by Mike McNamee Published 01/08/2011
We look at three canvas options from Breathing Color, media that is now imported and distributed by the Imaging Warehouse. The three are different in terms of cost, construction and intended use. At the top of the tree stands Lyve Canvas with its enhanced chromata coating for a high-gamut performance without the use of OBAs. Next comes Crystalline Gloss with a self-glossy finish and finally the budget Economy 800, a brightened product intended for ‘decor use only’ rather than fine art, limited-edition printing.
We had to decide which type of ink to employ from our Epson 4900. The media are compatible with both, but for optimum performance we choose Matt Black with Lyve and Economy 800 and Photo Black for the glossy Crystalline canvas.
For profiling we continued testing the X-Rite i1 Publish and used a 727-patch scrambled target for Lyve and Economy 800 but ran into trouble with Crystalline – more on that later. We chose Auto for platen gap (against the advice on the Breathing Color website) but got away with it most of the time. The 4900 with its back-tensioning holds canvas nice and flat. In all instances we employed the new HiGAM audit target but measured the effect of the BC varnishes, the newer Timeless product and the older Glamour Gloss II.
This is the premium product, intended for fine art reproduction, limited-edition and exhibition printing of the highest quality. The Breathing Color website is as bullish as ever over the performance and we mentioned this a year ago when we first reviewed the media. However, we continue to be impressed; there is a richness to the prints even before they are varnished and with the more stringent numerical auditing we carry out today, it still held up well.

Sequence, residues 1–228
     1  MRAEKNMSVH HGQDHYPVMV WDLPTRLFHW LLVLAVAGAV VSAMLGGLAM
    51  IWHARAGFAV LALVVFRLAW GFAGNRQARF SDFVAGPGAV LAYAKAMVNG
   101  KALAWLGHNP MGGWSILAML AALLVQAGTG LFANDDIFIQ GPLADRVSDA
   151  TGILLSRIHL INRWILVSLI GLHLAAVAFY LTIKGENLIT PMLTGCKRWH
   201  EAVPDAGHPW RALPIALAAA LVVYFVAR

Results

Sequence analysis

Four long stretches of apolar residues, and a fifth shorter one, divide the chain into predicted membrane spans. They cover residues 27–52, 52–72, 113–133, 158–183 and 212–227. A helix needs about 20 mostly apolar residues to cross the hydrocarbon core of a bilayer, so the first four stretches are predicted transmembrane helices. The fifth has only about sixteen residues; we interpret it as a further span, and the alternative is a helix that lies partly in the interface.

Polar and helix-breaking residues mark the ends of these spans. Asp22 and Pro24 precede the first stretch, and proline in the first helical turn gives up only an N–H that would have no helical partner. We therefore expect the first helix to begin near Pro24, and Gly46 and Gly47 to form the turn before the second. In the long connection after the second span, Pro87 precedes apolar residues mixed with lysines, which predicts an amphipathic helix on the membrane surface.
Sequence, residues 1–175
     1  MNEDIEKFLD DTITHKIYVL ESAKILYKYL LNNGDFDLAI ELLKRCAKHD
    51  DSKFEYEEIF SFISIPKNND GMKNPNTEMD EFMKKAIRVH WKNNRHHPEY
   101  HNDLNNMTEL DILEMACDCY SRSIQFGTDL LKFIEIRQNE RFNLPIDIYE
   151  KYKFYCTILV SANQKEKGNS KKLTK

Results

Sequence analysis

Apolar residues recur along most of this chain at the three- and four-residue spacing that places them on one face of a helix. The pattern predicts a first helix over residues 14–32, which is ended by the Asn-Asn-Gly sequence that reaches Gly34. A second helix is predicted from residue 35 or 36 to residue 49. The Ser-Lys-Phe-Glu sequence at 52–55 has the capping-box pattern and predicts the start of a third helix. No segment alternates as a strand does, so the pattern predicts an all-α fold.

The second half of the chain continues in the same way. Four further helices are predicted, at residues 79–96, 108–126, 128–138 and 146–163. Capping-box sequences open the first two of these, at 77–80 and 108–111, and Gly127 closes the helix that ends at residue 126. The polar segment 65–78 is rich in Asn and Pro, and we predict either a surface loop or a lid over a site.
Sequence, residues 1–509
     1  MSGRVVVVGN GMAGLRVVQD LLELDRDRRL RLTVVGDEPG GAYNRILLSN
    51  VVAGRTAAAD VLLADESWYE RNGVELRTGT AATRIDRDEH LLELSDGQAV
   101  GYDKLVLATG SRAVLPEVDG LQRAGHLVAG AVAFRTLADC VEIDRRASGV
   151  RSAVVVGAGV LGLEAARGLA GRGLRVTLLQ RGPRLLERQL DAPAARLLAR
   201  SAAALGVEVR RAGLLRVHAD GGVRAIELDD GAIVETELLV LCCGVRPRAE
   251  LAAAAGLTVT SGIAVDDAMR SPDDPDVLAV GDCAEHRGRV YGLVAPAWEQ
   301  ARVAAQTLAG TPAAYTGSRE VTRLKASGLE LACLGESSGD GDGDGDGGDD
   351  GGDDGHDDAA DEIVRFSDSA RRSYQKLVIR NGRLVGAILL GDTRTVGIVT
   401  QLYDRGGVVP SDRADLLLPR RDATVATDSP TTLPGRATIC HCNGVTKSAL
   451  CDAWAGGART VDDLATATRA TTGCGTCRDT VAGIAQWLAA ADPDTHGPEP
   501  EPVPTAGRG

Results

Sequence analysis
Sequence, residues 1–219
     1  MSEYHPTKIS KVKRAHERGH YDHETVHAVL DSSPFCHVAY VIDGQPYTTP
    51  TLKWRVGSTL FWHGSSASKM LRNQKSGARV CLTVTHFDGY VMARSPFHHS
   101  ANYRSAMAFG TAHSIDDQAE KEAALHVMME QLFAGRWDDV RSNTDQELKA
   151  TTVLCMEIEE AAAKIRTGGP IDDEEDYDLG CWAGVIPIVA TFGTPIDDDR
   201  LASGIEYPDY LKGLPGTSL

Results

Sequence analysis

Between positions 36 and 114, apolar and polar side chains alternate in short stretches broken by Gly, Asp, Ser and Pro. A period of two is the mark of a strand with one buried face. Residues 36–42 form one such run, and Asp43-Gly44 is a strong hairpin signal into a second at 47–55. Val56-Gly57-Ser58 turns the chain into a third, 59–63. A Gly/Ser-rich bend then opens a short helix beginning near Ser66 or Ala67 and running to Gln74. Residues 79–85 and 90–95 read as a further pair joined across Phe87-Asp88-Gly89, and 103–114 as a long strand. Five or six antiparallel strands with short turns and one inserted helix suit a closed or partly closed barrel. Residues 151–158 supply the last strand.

As with all canvas the Dmax registered low, reaching 1.48, good for a matt canvas but not outstanding. The value is very similar to that we measured previously using the Epson 4800 and 3800 machines. To meet the website claims of having a 15% improvement over other products this would have to reach 1.73 – unlikely on this evidence. The claims of 15% more gamut could not be checked, however, the gamut volume measured was much higher due to the Epson HDR ink set.
The audit testing produced an average error of 3.46?E00 compared with a value of 4.9 found previously on the Epson 4800. This significant improvement could be due to other factors such as the change of printer, the change of profiling protocol or luck. Regardless of the reason we’ll take it! The high gamut testing has not been used on canvas before so we were in new territory. As expected for a matt material, the main errors in the colours were in the luminance and saturation channels. A reason why the prints look good is that there is an underlying neutrality to the colour.
Varnishing the canvas had the anticipated effect. The print deepened, became more saturated and generally ‘brighter in appearance’ usually described as having more ‘pop’. The Dmax rose as indicated in the table.
All of these basic parameters are reflected in the average data before and after varnishing. The overall luminance error has gone from too light by 0.9 units through to too dark by 2.3 units. Saturation error has gone from -1.5 to -0.6 ie still desaturated, but by a smaller margin.
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